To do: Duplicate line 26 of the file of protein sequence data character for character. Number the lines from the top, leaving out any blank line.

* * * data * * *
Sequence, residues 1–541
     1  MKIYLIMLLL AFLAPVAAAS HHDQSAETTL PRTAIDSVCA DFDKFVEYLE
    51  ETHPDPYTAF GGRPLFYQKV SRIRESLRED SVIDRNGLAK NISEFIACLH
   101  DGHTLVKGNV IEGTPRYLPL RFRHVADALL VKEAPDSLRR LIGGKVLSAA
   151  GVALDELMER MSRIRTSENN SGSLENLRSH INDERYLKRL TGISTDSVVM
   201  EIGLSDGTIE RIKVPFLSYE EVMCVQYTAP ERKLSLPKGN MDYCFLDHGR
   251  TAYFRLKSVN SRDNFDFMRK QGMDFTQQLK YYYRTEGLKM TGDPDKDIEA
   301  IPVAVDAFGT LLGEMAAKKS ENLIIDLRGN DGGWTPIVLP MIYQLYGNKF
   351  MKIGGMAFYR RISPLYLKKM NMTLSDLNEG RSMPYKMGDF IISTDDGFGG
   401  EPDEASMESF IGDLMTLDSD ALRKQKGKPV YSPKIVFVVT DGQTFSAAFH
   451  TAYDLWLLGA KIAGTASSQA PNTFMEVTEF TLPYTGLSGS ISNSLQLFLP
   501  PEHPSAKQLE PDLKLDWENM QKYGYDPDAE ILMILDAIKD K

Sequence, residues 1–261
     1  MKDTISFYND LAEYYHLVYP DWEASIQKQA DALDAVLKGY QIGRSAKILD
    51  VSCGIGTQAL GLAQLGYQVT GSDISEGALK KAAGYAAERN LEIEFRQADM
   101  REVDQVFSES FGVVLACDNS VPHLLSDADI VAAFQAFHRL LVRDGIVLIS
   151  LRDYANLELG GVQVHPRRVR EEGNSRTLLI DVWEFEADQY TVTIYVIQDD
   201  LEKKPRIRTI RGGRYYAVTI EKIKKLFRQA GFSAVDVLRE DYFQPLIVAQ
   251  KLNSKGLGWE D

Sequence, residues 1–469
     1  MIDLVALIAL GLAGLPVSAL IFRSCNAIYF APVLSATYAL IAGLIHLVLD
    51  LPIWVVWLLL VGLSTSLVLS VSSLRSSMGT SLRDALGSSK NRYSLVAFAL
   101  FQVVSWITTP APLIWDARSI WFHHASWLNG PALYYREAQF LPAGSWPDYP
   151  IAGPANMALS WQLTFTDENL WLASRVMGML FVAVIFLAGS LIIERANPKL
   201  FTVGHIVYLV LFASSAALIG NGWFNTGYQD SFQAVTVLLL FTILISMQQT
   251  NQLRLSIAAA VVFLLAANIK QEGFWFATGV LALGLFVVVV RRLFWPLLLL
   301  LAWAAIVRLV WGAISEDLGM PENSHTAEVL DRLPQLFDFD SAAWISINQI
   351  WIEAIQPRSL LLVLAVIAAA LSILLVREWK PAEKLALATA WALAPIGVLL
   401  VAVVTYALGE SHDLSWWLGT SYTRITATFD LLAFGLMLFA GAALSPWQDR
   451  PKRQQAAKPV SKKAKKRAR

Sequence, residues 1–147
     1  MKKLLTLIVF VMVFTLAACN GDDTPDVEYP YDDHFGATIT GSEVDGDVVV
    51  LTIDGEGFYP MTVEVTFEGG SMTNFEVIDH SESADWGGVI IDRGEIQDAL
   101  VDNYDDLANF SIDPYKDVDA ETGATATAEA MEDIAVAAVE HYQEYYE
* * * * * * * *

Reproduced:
   251  NQLRLSIAAA VVFLLAANIK QEGFWFATGV LALGLFVVVV RRLFWPLLLL